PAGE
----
International Ops 2017

Flight Service Bureau | OPSGROUP

Month: December 2016

The Hidden Costs of Operating to China

China has always been challenging to operate to. Handling rates are prohibitively expensive, half the country’s airways are closed to foreign operators, and slots and parking at the major airports can often be impossible to obtain.

But often the most frustrating thing about operating to China is just trying to work out what all the different charges are for. If you receive a big bill post-flight from a company called Tong Da Air Service, unfortunately it’s not a scam! These guys are the government-appointed agency in China who are responsible for collecting all the NAV fees for flights by foreign operators.

 

It’s important to know in advance what you will get charged here, as it’s not totally clear  without doing a bit of digging – and your handling agent will likely not include all these complicated fees when they provide you with handling quotes!

So when it comes to NAV fees in China, you will always get charged for four separate things:

  • En-Route Charge.
  • Terminal Navigation Charge.
  • Compensation Charge (the fee paid to the government for the permit)
  • Service Charge (Tongda Air’s charge for obtaining the permit)

 

Importantly…

En-Route Charge = this is charged for each individual flight

Terminal Navigation / Service Charge / Compensation Charge = these are charged per permit, and are always set costs.

 

So let’s say you fly RKSS-ZBAA-RKSS: you will need to pay En-Route Charges for each sector, and one set of Terminal Navigation / Service / Compensation charges.

Similarly, if your routing involves multiple domestic flights within China, (eg. RKSS-ZBAA-ZBTJ-ZSPD-RKSS) you only need one permit to cover all those stops,  which means you will only pay one set of Terminal Navigation / Service / Compensation charges. So far so good…

 

But let’s say you fly something like RKSS-ZBAA-VHHH-ZGSD: on this routing you will effectively be departing China when you go to VHHH, so you will need two permits – one for each stop in China (ZBAA and ZGSD). And because of this, you would need to pay two sets of Terminal Navigation / Service / Compensation charges!

 

china-map

 

So here’s how you work out the 4 charges:

 

1. En-Route Charge

There’s a very lengthy and complicated method of working this out, but the easiest thing to do is just use your flight-planning tool to tell you the answer. Most tools have this function – just make sure you click the button that says something like ‘overflight costs’ and find the section on the output of the flight plan that looks something like this:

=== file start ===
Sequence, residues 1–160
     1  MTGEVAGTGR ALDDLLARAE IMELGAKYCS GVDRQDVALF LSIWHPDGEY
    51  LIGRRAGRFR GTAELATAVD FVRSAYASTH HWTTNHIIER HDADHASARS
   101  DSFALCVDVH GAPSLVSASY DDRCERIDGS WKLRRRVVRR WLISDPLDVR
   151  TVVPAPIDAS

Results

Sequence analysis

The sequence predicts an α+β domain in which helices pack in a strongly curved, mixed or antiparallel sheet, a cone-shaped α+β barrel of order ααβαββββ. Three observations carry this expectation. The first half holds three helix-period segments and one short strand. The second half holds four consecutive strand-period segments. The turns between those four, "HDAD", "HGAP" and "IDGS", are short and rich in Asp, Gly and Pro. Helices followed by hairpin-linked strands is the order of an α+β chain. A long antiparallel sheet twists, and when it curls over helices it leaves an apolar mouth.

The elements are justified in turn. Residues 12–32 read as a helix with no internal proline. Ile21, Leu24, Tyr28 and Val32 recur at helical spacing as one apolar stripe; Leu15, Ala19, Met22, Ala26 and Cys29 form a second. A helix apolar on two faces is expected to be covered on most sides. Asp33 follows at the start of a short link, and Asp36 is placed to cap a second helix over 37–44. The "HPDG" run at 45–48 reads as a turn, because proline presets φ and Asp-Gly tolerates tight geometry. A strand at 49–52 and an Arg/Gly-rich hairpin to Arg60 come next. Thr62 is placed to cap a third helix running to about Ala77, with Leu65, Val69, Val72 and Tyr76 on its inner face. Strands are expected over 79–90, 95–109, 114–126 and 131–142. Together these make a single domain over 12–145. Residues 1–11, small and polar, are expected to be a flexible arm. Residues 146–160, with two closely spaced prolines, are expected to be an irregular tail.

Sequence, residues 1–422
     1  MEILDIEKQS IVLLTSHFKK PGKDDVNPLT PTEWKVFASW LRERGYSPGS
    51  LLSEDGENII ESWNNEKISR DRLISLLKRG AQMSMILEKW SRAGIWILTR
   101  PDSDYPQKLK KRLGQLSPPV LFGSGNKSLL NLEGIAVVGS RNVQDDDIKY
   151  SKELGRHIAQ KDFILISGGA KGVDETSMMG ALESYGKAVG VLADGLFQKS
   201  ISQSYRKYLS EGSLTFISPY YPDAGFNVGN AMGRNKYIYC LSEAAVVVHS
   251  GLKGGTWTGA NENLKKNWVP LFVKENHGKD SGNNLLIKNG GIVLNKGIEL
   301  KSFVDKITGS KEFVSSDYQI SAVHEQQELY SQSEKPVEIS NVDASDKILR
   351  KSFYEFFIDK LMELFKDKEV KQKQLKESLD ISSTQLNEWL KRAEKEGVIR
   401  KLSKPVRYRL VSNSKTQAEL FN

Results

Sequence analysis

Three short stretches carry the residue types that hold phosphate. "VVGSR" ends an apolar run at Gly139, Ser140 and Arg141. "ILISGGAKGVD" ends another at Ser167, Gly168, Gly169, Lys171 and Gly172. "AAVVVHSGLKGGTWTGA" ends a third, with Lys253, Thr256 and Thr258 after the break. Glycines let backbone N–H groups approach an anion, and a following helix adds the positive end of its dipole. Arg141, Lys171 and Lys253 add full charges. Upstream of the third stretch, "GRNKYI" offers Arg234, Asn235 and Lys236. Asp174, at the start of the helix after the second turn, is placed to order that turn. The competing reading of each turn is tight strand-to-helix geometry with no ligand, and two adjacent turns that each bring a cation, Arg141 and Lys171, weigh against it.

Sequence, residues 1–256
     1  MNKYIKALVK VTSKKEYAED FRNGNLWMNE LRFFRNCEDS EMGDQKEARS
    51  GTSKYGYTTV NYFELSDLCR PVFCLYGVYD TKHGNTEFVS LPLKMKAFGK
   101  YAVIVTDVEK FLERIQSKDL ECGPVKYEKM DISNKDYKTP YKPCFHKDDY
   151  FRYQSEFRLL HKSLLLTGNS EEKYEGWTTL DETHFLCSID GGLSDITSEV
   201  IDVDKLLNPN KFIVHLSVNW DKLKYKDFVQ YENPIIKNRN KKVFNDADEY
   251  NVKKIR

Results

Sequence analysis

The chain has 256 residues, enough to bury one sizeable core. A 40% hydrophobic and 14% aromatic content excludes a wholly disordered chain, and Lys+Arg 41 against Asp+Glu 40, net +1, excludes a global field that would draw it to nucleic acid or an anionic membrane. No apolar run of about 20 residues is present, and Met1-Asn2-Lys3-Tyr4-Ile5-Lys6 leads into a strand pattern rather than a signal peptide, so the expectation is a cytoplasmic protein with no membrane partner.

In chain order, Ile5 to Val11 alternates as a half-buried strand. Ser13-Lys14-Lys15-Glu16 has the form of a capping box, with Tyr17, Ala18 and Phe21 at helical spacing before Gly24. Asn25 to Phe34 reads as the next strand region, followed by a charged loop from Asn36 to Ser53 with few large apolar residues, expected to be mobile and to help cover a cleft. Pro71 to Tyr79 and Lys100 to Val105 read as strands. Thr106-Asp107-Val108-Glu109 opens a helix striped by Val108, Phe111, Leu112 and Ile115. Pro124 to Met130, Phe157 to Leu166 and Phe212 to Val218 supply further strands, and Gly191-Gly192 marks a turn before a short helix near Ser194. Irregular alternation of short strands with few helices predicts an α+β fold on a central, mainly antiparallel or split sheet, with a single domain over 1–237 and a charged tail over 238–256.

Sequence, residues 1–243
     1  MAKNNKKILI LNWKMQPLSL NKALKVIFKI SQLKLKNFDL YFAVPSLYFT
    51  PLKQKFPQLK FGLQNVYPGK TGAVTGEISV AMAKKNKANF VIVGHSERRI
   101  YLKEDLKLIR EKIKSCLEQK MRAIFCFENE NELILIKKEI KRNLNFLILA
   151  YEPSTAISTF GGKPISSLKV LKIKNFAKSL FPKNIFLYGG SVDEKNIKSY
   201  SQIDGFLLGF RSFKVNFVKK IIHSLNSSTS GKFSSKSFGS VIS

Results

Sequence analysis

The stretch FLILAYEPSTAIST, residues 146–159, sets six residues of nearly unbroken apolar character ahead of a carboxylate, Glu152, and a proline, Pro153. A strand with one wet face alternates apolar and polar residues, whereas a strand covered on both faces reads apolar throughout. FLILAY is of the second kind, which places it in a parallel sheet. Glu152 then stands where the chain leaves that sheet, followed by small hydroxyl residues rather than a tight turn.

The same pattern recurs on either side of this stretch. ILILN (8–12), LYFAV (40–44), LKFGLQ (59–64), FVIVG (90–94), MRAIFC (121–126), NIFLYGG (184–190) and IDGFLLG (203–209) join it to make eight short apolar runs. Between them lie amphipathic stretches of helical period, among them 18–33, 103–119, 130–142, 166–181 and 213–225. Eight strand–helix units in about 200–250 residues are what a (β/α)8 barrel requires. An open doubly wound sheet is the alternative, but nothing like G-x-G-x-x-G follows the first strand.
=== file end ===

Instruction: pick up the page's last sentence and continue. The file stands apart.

screen-shot-2016-11-08-at-13-34-35

(Showing costs for a B737 operating from ZBAA/Beijing to VHHH/Hong Kong)

 

2. Terminal Navigation Charge

MTOW                      Charges (RMB Yuan)

Up to 25                    990

26-50                         1060

51-100                      1060 + 21*(T-50)

101-200                   1920 + 23*(T-100)

above 201               3820 + 27*(T-200)

 

T = the actual MTOW rounded up to the nearest tonne

 

So for example:

an aircraft with a MTOW of 60T = 1060 + 21*(60-50) = 1270RMB

an aircraft with a MTOW of 110T = 1920 + 23*(110-100) = 2150RMB

an aircraft with a MTOW of 210T = 3820 + 27*(210-200) = 4090RMB

 

3. Compensation Charge

This will always be $3000.

 

4. Service Charge:

This will be either $1200 for landing permit, or $500 for overflight permit.

 

New Dangerous Goods regulations from Jan 1st

You can view the full list of changes here, but this list might be a little handier. From Jan 1st, the new edition of the IATA Dangerous Goods Regulations (Edition 58) will be applicable.

  • Replacing the existing lithium battery handling label with a new multi-modal lithium battery mark to be phased in over two years, with a deadline of December 2018 (Figure 7.1.C)
  • Introducing a new Class 9 dangerous goods label specifically for lithium batteries, to be phased in over two years, with a deadline of December 2018 (Figure 7.3.X)
  • Many new and modified special provisions
  • Allowing shippers to assign a substance to a class or division different to that shown in the List of Dangerous Goods (IATA DGR 4.2), subject to approval by the appropriate national authority
  • Adding classification criteria for polymerizing substances into Division 4.1
  • Adding new UN numbers and Proper Shipping Names for “polymerizing substances,
  • liquid and solid, stabilized” (PI 459) and “polymerizing substances, liquid and solid requiring temperature
  • Updating Special Provision A104 for UN1230, Methanol that requires all packages containing methanol to bear a Division 6.1 toxic hazard label (in addition to the Class 3 flammable label)
  • Changing the documentation requirements for hazmat air shipments

Reference:

IATA DGR Changes from 1st Jan, 2017.

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